When you do that, he said, pay attention to how it makes you feel.

"Once we get a taste of that sweetness," Metro said, "we'll be like Sudharman. Try that. It works."

Sudharman's daughter, Lila Heasley, said she's grateful she had her father as long as she did.

"As long as I knew him, his message was the same," she said. "We are all one. The light is inside you."

She said she knew his dream would come together, even if he didn't envision it "like this."

Sudharman's "dream" essay told that he would like to create everything from a not-for-profit child care center to an organic farm to a retirement home, crematorium and "green" cemetery, perhaps utilizing Fenton farmland near West Milton.

It includes, Heasley said, plans for his 108th birthday in 38 years.

"He planned it a long time ago," she said. "I hope you'll all come."

Another of his dreams, said Keri Albright, of the Greater Susquehanna Valley United Way, was to get every local, state, federal and world leader doing yoga. Applause greeted her suggestion that, with elections upcoming in the fall, we should all look into "the yoga credentials" of our candidates.

Union County Commissioner John Showers said he first met Sudharman as Joe Fenton, who "was trying to sell me a private prison."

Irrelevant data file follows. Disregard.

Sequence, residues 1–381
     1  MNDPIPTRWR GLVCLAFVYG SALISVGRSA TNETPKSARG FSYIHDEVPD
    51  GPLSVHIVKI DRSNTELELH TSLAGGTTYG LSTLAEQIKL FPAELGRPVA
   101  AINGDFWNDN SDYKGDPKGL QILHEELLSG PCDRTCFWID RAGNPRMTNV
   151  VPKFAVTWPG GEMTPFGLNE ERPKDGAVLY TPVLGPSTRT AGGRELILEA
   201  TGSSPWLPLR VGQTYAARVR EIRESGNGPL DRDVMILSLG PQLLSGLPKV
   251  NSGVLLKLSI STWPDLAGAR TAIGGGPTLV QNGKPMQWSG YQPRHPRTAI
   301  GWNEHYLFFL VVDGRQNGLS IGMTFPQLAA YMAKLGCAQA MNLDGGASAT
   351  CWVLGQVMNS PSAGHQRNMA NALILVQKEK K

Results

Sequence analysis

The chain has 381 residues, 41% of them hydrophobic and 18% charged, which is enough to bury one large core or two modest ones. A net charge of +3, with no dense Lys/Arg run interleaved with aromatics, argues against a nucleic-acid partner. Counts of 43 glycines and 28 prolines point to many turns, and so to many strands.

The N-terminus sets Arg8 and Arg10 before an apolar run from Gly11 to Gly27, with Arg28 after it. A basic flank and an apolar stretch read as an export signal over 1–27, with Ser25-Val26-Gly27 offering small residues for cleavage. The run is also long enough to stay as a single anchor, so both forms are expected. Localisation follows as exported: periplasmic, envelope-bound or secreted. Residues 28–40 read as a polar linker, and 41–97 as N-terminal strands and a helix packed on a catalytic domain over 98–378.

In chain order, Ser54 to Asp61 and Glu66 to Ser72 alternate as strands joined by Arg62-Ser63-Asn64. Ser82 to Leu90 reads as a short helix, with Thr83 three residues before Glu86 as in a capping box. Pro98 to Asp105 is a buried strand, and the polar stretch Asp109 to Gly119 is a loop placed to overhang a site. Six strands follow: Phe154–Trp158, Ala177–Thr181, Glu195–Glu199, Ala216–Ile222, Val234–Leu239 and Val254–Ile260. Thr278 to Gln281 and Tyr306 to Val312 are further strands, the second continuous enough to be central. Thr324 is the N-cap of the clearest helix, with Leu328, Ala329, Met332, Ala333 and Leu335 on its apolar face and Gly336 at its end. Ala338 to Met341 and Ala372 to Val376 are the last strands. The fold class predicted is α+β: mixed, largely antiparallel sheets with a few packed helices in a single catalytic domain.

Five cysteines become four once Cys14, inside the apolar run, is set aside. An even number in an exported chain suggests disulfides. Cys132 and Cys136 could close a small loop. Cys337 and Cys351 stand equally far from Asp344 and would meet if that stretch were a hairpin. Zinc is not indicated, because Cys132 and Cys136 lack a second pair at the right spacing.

Later, he said, he heard he moved to his town, New Berlin, to open the Integral Yoga Center in the former church — which he knew as a boy as the sewing machine factory. Showers said the building always made him recall the sound of sewing machines.

Then Sudharman became part of New Berlin as well as part of the yoga community.

"He touched people here," Showers said. "After today, I'll no longer hear sewing machines. I'll hear the chanting that went on today."

There was chanting in the nearly two-hour service. And moments of quiet meditation. At one point everyone sang Sudharman's favorite song — "Row, row, row, your boat ... Gently down the stream ... Merrily, merrily, merrily, merrily ... Life is but a dream."

n E-mail comments to dianepetryk@dailyitem.com